Memorial to Raymond Herisse (2019) by Rodney Jackson
The American Civil Liberties Union (ACLU) of Florida has filed a lawsuit against Miami Beach officials on behalf of the artist Rodney Jackson and the curators Octavia Yearwood and Jared McGriff over the removal of a painting memorialising Raymond Herisse, a Haitian-American who was fatally shot by Miami Beach police in 2011.
The painting was displayed in an exhibition on Lincoln Road forming part of Reframe Miami Beach, a series of art installations commissioned by the city last year to coincide with Memorial Day Weekend that focus on works dealing with race and racial justice issues. The curators say the painting was quickly removed after it was installed at the order of the Miami Beach city manager, Jimmy Morales, and that Morales threatened to shut down the entire exhibition if the painting was not removed.
The lawsuit argues that the Miami Beach mayor, Dan Gelber, and Morales censored Jackson, Yearwood and McGriff, thus violating their First Amendment rights, and that the painting of Herisse, who was shot 16 times after police fired 116 bullets, was “consistent with the citys understanding of the project”.
The complaint also notes Gelbers public comments on his decision to support the removal of the work, which he was asked about during a panel at the Pérez Art Museum Miami in November. The mayor says the work “was a commission work for us and [Morales] said I dont like it and I dont want it, and I frankly supported that decision”.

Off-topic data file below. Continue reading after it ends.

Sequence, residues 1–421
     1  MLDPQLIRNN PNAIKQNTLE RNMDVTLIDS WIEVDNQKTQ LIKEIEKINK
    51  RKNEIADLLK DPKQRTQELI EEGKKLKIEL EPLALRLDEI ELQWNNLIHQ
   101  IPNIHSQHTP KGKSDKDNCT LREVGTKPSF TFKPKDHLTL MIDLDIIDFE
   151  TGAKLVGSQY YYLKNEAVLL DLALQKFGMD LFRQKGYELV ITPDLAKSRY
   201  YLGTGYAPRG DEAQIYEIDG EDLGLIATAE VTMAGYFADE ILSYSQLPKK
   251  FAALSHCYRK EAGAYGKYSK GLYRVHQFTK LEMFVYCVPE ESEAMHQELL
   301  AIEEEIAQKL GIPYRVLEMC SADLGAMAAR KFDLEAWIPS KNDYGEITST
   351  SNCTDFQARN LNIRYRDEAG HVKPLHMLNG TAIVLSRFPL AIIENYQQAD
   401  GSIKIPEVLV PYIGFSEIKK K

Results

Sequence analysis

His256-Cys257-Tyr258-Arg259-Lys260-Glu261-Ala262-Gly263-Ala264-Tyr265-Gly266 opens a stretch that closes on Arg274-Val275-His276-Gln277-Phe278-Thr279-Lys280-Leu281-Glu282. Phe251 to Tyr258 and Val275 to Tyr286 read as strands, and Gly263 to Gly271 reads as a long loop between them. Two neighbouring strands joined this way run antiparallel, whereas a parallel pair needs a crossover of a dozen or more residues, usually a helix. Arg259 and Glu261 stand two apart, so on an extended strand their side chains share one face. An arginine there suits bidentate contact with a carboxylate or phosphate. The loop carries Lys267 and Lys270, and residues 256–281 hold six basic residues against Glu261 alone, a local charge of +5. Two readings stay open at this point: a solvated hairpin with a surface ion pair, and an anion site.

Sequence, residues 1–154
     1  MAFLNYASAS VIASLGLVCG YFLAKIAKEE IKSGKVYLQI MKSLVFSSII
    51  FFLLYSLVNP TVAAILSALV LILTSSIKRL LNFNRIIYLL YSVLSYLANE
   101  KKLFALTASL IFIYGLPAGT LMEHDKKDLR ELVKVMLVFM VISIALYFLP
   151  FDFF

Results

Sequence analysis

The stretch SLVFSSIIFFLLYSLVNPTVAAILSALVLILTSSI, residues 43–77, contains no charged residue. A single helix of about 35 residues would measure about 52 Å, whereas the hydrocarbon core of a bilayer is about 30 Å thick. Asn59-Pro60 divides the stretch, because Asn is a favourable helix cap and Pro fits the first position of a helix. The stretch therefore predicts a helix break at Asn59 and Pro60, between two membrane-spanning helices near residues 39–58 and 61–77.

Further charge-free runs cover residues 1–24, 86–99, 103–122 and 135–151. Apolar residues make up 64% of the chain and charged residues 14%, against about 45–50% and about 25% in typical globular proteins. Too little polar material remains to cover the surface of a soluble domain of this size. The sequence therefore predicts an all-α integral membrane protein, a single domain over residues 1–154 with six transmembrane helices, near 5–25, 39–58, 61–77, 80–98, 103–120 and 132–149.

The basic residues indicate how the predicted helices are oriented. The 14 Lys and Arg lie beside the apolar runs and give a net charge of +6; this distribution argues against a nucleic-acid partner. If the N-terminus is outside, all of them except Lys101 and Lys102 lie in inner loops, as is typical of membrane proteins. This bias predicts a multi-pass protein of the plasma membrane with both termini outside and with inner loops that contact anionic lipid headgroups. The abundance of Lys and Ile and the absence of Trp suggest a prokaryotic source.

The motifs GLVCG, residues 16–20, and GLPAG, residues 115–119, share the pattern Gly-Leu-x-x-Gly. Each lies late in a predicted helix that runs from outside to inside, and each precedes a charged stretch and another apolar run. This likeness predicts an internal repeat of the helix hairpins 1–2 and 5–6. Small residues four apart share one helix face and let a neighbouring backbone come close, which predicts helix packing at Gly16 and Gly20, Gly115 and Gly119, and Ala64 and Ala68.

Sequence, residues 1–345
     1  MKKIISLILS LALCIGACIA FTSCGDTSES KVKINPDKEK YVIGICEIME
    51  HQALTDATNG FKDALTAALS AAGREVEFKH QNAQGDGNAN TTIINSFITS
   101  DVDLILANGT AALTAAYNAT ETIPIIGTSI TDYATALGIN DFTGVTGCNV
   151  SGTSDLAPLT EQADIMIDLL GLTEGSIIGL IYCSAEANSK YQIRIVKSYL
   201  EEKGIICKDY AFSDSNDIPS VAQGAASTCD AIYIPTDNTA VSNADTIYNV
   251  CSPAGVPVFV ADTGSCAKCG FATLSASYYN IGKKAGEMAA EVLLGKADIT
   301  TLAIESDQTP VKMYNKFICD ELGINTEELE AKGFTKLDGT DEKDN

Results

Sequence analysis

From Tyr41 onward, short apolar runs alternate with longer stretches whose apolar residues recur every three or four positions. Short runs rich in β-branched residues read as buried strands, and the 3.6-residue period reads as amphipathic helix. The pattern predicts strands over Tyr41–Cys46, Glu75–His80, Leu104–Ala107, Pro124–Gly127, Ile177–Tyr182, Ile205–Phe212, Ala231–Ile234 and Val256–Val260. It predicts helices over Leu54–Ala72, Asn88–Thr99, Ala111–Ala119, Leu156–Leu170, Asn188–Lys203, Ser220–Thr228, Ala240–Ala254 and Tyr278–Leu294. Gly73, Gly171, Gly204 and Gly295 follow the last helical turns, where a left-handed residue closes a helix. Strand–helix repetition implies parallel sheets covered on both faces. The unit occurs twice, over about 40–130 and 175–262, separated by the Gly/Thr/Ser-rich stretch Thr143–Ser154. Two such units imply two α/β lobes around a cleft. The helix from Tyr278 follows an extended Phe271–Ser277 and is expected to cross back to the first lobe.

Gelber adds that racial tensions during previous Memorial Day weekends in Miami Beach prompted the city to attempt to “promote unity” by commissioning the project, but that “in this case it wasnt unifying”. He sided with Morales on the grounds that “we commissioned the work and were buying it, so were going to decide, as the purchaser, whether we want it or not”. However, Gelber acknowledges that “there wasnt great clarity in the discussion” to remove the work.
Herisse was killed while driving on Memorial Day during Miami Beachs Urban Beach Weekend, an event largely attended by black communities that has seen aggressive police enforcement. McGriff says that, in light of the relationship between black people and Miami Beach, especially during that weekend, the exhibition aimed to “spark a crucial conversation about inclusion, blackness, trust and surveillance”.
Jackson says that it was important to include an image of Herisse in the project because his killing was “a benchmark case that changed Miami Beach policy”, including a policy instituted in 2014 that prohibits Miami Beach police from shooting at moving vehicles unless the suspect displays or fires a weapon first. The artist adds that he doesnt understand “how an image meant to memorialise someone could be offensive” to city officials.
The civil rights lawyer Alan Levine, who is working on the suit, says he is “confident that the case violates the First Amendment”. He points to two cases for reference: when the city of Miami attempted to shut down the now-closed Cuban Museum of Arts and Culture for exhibiting work by artists who were not “suffRead More – Source